In the swimming world, 2012 was a year full of surprises. The Olympic Games always bring tons of excitement and lots of anticipation. With that anticipation comes much build-up, and perhaps the most surprising swimming event of 2012 happened months before the Games began.
In April, 2011 100-meter breaststroke world champion Alexander Dale Oen was discovered dead in his hotel room in Flagstaff, Ariz. Dale Oen, 26, had been in the United States on a training trip with his Norwegian teammates when he was found. It was later discovered that Dale Oen died from a heart attack caused by coronary heart disease.
With Dale Oen in the hearts of many, the 2012 Olympic Games opened to much fanfare. There were several highly anticipated races, and few looked forward to any race more than the men’s 400-meter individual medley. The event featured some of the biggest names in the swimming world, including Michael Phelps, the defending Olympic champion and world record holder, and Ryan Lochte, his American teammate and the defending world champion.
Each swimmer had the background and experience to pull out a win at the Olympic Games, and it just seemed to be a question of which swimmer — Lochte or Phelps –would take home gold and which swimmer would take home silver. Imagine the surprise of many when Lochte touched the wall first and Phelps touched the wall fourth. Fourth? It was the first time Phelps hadn’t medaled in an Olympic event since 2000, when he was just 15 years old. Phelps fourth-place finish was perhaps the most surprising swimming result of 2012.
Equally surprising, perhaps, was the second place finish of American swimmer Rebecca Soni in the women’s 100-meter breaststroke. In the years leading into the 2012 Games, Soni had become one of the most dominant breaststroke swimmers in the world, so when she was defeated by 15-year-old Lithuanian swimmer Ruta Meilutyte, a virtually unknown swimmer, it was difficult for many to believe — including Meilutyte herself.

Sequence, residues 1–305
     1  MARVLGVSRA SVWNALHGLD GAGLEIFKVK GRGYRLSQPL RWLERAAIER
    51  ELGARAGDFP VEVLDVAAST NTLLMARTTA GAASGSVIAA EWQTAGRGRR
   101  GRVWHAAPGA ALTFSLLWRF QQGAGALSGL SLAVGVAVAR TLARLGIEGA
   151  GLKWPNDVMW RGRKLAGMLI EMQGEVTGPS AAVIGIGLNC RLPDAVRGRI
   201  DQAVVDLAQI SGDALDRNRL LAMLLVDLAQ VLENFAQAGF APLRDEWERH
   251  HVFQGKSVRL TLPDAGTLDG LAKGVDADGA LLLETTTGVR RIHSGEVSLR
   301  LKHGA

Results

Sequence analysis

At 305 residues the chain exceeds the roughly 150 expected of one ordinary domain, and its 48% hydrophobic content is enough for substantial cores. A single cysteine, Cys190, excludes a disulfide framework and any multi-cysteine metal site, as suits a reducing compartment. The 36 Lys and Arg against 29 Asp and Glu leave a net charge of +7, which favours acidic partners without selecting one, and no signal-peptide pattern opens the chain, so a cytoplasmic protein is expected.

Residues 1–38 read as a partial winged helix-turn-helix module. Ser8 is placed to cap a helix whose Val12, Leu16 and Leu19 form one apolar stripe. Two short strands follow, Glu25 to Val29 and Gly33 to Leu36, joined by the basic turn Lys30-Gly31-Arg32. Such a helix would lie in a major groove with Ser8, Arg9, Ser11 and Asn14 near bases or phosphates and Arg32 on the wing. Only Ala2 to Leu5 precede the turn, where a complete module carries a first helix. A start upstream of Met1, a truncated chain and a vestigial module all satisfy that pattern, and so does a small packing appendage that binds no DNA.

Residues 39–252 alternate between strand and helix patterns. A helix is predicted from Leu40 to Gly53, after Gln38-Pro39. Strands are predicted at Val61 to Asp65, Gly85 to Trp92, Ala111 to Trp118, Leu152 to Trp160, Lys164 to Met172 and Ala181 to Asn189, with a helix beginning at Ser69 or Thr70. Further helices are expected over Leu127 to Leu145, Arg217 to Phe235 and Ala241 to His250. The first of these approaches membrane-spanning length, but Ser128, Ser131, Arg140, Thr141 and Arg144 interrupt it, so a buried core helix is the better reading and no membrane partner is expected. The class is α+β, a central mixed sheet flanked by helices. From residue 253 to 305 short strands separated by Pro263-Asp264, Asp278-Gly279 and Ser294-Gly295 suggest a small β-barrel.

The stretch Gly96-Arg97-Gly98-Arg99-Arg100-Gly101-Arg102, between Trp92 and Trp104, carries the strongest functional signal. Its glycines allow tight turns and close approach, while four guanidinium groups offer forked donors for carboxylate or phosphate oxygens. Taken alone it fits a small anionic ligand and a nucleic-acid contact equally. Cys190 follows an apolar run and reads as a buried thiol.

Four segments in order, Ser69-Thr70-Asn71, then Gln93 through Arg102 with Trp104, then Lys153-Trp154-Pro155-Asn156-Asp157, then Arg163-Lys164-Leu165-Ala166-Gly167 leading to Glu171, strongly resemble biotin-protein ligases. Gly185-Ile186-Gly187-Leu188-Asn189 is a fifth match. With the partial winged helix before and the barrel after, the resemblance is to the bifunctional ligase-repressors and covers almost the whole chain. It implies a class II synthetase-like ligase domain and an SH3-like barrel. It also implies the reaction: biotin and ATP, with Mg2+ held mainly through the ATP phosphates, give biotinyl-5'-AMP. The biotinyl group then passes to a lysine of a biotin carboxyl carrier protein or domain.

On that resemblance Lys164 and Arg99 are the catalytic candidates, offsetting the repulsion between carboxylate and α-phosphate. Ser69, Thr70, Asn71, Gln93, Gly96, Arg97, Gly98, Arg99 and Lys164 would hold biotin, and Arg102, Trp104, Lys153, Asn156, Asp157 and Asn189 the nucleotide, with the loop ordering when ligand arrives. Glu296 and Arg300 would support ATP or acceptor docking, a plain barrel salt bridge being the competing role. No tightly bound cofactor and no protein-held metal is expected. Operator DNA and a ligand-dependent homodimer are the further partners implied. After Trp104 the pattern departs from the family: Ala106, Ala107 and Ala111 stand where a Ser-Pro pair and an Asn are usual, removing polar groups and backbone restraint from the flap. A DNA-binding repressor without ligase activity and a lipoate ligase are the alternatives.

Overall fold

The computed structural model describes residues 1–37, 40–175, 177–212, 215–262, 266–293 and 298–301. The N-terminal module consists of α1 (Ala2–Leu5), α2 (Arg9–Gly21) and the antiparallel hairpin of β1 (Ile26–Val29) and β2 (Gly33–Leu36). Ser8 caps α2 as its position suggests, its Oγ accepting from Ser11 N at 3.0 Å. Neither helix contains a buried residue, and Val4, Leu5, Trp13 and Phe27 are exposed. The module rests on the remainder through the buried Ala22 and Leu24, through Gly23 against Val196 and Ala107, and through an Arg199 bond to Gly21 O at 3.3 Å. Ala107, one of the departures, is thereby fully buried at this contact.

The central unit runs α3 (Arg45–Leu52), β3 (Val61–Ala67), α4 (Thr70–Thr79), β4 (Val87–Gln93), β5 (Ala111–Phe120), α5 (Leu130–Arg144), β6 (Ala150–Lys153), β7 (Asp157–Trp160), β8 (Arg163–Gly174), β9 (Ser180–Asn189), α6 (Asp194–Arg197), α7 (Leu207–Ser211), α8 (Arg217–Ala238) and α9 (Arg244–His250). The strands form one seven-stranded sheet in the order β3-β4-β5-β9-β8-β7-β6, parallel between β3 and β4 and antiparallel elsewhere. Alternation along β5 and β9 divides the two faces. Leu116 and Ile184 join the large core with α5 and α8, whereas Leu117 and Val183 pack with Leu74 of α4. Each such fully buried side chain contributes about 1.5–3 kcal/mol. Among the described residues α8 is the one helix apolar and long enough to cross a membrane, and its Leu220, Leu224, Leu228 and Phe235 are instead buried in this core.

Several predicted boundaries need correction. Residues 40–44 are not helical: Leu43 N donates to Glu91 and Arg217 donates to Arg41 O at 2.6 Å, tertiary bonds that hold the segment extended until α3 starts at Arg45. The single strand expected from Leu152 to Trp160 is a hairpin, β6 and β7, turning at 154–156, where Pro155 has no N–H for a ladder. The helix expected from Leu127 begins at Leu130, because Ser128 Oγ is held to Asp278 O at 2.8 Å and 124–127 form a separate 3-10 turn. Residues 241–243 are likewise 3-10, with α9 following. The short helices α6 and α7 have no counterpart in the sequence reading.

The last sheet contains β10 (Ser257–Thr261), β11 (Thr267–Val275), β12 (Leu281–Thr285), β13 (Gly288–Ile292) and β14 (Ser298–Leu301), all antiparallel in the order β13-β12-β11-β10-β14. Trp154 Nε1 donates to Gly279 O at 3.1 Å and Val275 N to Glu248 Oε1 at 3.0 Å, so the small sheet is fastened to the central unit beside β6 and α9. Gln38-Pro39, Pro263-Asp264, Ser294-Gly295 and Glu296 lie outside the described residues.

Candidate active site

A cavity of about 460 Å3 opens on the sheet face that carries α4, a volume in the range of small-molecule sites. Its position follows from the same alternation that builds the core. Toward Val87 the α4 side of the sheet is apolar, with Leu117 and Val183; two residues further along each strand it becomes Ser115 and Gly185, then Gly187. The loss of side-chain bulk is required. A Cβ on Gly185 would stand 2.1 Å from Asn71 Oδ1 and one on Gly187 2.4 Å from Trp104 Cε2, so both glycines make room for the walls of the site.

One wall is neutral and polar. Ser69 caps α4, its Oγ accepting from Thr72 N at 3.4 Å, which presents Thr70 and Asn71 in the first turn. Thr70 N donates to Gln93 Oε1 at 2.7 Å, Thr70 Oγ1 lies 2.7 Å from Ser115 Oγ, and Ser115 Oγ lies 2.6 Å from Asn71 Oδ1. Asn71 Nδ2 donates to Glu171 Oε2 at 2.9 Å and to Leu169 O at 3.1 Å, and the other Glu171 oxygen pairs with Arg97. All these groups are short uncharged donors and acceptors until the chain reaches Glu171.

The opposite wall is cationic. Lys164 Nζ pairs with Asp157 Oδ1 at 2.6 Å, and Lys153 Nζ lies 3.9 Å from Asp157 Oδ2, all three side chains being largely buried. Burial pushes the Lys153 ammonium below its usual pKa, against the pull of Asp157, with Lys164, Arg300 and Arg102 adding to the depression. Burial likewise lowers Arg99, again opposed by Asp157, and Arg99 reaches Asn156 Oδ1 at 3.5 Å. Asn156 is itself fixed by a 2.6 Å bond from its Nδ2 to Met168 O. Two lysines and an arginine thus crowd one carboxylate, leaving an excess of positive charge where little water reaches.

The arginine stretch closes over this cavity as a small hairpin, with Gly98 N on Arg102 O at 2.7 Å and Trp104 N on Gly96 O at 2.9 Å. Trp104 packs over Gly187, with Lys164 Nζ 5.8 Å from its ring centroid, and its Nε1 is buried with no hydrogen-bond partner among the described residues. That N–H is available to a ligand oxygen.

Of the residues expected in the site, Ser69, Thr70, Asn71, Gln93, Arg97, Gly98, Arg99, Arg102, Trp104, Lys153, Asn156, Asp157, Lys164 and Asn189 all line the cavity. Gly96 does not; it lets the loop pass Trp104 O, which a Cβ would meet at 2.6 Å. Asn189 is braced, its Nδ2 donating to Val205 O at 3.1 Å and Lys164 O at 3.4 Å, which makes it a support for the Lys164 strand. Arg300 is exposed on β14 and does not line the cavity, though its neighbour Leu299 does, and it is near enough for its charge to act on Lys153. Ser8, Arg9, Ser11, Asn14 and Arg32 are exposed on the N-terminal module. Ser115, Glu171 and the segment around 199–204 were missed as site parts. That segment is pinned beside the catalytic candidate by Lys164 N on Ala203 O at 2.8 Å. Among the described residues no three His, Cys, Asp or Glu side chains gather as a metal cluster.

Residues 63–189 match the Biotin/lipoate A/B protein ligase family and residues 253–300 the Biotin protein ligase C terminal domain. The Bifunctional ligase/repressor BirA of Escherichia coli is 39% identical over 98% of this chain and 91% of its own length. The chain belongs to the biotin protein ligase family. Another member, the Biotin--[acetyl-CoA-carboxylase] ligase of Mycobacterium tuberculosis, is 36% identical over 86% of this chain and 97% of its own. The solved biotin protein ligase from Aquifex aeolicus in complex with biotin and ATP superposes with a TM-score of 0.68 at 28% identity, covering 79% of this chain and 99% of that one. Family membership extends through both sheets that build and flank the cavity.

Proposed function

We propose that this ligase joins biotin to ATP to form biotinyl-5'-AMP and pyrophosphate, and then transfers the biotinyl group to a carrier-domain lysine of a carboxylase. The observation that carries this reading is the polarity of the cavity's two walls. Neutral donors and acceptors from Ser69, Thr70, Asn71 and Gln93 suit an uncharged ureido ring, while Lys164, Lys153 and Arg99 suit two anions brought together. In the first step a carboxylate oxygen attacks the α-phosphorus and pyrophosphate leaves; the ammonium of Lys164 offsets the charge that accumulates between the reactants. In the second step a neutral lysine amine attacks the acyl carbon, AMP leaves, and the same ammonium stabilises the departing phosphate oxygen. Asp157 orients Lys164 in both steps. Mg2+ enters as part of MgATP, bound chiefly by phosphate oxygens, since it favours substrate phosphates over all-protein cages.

South African swimmer Chad le Clos provided swimming fans with another surprising and exciting moment when he bested Phelps in the men’s 200-meter butterfly. Heading into the wall, it looked as if Phelps might have had enough left to hold of le Clos and become the first man in history to win an event at three consecutive Olympic Games. Instead, le Clos surged to the wall first and out-touched Phelps by five-hundredths of a second to win gold.
Without surprises, the Olympic Games wouldn’t be nearly as exciting to watch. Not only do surprise outcomes provide inspiration for fans and swimmers around the world, but the outcomes also help to keep hope alive for the underdog.
What did you think were the biggest swimming surprises of 2012?
Read more from this author: World Champion Swimmer Alexander Dale Oen Found Dead in Flagstaff
Sandra Johnson was a competitive swimmer for more than 15 years before she began coaching. She is a longtime Olympic fan, and while working for the United States Olympic Committee in Colorado Springs, Colo., she had the opportunity to immerse herself in the Olympic Movement. Follow her on Twitter: @SandraJohnson46